MRI-alone radiation therapy planning for prostate cancer: Automatic fiducial marker detection

Soumya Ghose, Jhimli Mitra, David Rivest-Hénault, Amir Fazlollahi, Peter Stanwell, Peter Pichler, Jidi Sun, Jurgen Fripp, Peter B. Greer, Jason A. Dowling

Research output: Contribution to journalArticlepeer-review

35 Citations (Scopus)


Purpose: The feasibility of radiation therapy treatment planning using substitute computed tomography (sCT) generated from magnetic resonance images (MRIs) has been demonstrated by a number of research groups. One challenge with an MRI-alone workflow is the accurate identification of intraprostatic gold fiducial markers, which are frequently used for prostate localization prior to each dose delivery fraction. This paper investigates a template-matching approach for the detection of these seeds in MRI. Methods: Two different gradient echo T1 and T2∗ weighted MRI sequences were acquired from fifteen prostate cancer patients and evaluated for seed detection. For training, seed templates from manual contours were selected in a spectral clustering manifold learning framework. This aids in clustering "similar" gold fiducial markers together. The marker with the minimum distance to a cluster centroid was selected as the representative template of that cluster during training. During testing, Gaussian mixture modeling followed by a Markovian model was used in automatic detection of the probable candidates. The probable candidates were rigidly registered to the templates identified from spectral clustering, and a similarity metric is computed for ranking and detection. Results: A fiducial detection accuracy of 95% was obtained compared to manual observations. Expert radiation therapist observers were able to correctly identify all three implanted seeds on 11 of the 15 scans (the proposed method correctly identified all seeds on 10 of the 15). Conclusions: An novel automatic framework for gold fiducial marker detection in MRI is proposed and evaluated with detection accuracies comparable to manual detection. When radiation therapists are unable to determine the seed location in MRI, they refer back to the planning CT (only available in the existing clinical framework); similarly, an automatic quality control is built into the automatic software to ensure that all gold seeds are either correctly detected or a warning is raised for further manual intervention.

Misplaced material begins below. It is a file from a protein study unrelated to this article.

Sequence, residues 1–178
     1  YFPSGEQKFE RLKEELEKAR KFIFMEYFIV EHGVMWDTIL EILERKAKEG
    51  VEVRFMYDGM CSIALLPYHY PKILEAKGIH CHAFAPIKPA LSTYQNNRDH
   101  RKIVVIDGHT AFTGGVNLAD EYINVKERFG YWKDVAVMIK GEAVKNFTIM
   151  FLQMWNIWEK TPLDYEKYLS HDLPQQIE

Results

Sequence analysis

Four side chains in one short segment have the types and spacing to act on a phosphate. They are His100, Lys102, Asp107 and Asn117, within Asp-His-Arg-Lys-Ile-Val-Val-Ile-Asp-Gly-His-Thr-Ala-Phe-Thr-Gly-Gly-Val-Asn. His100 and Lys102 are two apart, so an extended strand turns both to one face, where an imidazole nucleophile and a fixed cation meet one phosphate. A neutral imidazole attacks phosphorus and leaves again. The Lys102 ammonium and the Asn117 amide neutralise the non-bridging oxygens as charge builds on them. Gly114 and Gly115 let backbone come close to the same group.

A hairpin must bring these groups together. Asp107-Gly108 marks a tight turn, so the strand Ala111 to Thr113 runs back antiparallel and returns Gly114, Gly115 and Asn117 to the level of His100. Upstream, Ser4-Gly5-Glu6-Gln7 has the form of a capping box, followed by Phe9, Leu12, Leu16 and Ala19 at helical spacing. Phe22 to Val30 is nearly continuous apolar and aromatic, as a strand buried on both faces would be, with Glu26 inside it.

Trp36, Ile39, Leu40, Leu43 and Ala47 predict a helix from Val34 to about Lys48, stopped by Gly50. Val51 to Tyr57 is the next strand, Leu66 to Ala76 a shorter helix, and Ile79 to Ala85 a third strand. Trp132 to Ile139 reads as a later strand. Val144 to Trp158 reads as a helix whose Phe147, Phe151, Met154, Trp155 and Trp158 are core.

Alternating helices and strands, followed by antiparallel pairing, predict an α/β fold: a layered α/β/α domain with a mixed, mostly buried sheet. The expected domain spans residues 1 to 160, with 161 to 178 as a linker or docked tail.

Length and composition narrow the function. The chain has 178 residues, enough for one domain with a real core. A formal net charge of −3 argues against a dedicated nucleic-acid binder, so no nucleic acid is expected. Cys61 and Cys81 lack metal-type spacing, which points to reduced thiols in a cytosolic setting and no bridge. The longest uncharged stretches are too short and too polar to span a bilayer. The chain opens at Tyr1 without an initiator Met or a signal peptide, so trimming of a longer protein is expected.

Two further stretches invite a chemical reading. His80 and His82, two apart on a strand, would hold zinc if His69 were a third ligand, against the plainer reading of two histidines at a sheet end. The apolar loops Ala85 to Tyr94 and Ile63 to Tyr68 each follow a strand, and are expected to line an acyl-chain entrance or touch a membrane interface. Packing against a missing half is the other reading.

Original languageEnglish
Pages (from-to)2218-2228
Number of pages11
JournalMedical Physics
Issue number5
Publication statusPublished - May 2016
Externally publishedYes


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